Are you addicted to your email? Checking emails can be a distraction in disguise. In this episode, I share some tips that can help you change your relationship to email.
My name is Taylor Elyse Morrison, and I used to be addicted to email. My incessant email-checking started because I wanted to hear good news. I was excited to hear back about a job interview, or I wanted to see if there were any nibbles on a pitch.
Over time, email became a distraction in disguise. I wasn’t engaged in the task in front of me, so I went to my inbox in search of another task. I’d waste time responding to emails that could have waited instead of doing the impactful work that required my brainpower and energy.
It’s taken me years, but my relationship to email is in the best place it’s ever been. Keep reading to find out how you, too, can change your relationship to email, or listen to the episode above.
Did your heart rate go up a little? That’s how I felt when someone first suggested that I delete the Gmail app from my phone. I’d convinced myself that having instant access to my inbox was a necessity. Turns out, I function just fine without it. You will too.
Try getting rid of your mail app, and see what happens. There’s always the option to log in via your browser if you absolutely need to. In my experience, those situations are few and far between. Use an incognito window if you do check email via a browser. You don’t want to make it easy for you to keep using your browser for email.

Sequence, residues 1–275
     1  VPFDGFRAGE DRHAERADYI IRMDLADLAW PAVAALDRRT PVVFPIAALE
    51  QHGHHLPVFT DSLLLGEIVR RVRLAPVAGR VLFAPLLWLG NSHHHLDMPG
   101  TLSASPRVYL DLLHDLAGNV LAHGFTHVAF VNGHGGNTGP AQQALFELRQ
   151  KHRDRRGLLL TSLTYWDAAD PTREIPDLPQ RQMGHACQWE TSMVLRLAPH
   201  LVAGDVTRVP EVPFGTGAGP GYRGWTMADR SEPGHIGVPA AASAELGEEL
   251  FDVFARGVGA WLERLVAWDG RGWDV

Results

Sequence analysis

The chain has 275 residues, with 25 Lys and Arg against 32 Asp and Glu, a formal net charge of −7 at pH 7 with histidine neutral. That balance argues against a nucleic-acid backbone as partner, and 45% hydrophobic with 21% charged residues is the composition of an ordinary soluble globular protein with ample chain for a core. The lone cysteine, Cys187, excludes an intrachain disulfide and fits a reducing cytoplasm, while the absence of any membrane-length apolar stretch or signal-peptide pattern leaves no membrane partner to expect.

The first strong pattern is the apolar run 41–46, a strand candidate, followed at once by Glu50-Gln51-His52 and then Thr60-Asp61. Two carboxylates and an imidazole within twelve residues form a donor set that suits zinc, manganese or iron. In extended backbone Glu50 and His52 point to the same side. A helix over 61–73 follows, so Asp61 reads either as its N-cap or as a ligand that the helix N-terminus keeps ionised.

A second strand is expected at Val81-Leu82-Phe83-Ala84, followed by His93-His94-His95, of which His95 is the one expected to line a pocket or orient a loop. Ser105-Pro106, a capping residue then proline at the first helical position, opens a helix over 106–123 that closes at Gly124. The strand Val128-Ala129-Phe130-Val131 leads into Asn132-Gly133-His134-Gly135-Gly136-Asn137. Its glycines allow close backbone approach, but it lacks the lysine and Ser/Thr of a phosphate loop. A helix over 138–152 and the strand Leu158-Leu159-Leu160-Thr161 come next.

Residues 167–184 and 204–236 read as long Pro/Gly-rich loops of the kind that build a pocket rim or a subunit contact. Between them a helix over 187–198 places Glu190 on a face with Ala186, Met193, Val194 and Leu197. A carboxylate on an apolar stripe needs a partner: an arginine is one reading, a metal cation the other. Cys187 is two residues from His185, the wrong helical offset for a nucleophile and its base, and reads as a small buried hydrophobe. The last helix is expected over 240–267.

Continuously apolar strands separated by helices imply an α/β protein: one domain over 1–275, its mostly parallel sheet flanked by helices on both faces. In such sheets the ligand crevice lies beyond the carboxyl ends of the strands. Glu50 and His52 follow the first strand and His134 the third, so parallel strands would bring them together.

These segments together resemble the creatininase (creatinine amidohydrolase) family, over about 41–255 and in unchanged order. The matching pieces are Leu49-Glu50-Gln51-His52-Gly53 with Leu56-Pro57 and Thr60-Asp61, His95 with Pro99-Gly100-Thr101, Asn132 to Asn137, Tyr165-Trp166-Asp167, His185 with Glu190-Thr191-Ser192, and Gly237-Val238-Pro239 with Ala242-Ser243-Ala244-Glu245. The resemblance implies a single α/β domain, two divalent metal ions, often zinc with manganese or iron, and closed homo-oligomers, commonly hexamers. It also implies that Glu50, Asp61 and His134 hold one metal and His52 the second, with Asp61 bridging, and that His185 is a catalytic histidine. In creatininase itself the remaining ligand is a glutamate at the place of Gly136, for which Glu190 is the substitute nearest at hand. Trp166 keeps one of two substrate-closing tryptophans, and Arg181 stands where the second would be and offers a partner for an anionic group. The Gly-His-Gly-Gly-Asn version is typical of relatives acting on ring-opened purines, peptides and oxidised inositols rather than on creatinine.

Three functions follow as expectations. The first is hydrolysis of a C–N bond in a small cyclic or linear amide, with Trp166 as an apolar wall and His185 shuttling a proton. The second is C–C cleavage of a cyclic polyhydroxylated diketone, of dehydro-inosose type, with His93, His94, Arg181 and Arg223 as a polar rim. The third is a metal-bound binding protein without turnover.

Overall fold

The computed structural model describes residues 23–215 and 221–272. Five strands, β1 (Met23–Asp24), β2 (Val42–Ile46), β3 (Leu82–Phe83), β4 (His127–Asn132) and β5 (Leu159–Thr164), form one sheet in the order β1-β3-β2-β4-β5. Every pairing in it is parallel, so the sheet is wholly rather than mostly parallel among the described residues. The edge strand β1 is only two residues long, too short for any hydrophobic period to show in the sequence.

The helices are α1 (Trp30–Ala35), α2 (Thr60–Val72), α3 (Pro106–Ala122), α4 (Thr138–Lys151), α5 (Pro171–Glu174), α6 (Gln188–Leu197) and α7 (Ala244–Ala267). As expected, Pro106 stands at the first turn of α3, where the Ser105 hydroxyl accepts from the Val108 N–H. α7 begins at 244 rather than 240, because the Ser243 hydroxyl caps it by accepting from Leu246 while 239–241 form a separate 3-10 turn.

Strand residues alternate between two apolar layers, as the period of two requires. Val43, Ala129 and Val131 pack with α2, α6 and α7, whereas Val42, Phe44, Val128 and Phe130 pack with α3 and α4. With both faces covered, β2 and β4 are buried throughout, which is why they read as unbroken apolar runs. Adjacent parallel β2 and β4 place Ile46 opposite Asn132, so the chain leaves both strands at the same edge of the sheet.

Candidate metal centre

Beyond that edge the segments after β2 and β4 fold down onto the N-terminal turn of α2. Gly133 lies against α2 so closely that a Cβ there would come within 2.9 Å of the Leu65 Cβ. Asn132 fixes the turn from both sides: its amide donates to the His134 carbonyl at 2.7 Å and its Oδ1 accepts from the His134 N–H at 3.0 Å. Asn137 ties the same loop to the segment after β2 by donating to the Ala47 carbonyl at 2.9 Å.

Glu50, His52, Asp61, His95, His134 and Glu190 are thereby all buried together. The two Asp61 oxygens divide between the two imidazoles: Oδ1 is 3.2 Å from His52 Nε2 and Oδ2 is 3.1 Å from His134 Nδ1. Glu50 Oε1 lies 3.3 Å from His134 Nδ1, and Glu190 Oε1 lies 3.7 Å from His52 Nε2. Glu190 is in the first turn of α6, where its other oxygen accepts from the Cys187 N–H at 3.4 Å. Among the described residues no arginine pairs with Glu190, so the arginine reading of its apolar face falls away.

This has been the biggest game-changer for me. I recently started using Tempo to manage my emails. It batches my emails and releases them to me at set times each day. Before Tempo, I used Inbox When Ready. Having software to support me means that I don’t need to rely on my willpower, which is an incredible gift.
I personally check emails at 9 am, 1 pm, 5 pm, and 8 pm. Following this schedule has made it clear that most emails can wait. There’s no need to be constantly connected to your inbox.
The secret to a less cluttered inbox is making your emails matter. I’m still learning in this area, but I’ve certainly made progress. Reduce back and forth by being clear in your communication.
If you’re scheduling a meeting, share a few suggested times right off the bat. Have a call to action so people know what they’re supposed to do with your email. Do you want someone to review a project and provide feedback by a certain date? Tell them that. You might even bold or italicize your call to action to make it that much more clear.
I used to check my email constantly because some emails required me to take a certain action. I personally had to process Inner Workout’s Take Care orders, so I’d check to see if any Take Care purchases came through. This mindset fueled my email addiction.
If you notice that you have an “if this, then that” relationship to any of your emails, it’s time to consider automation. Use Canned Responses, Auto-Replies , and tools like Zapier or Microsoft Flow to help you out.
One major reason I’ve been able to step back from email is that I’ve given the right people access to me beyond email. Set an expectation for people to call, text, or ping you if there’s an urgent matter, and define what urgent means. This extra layer of support will make it less tempting to check your email outside of designated hours.
These methods have helped me overcome my email addiction, and I hope they’ll do the same for you.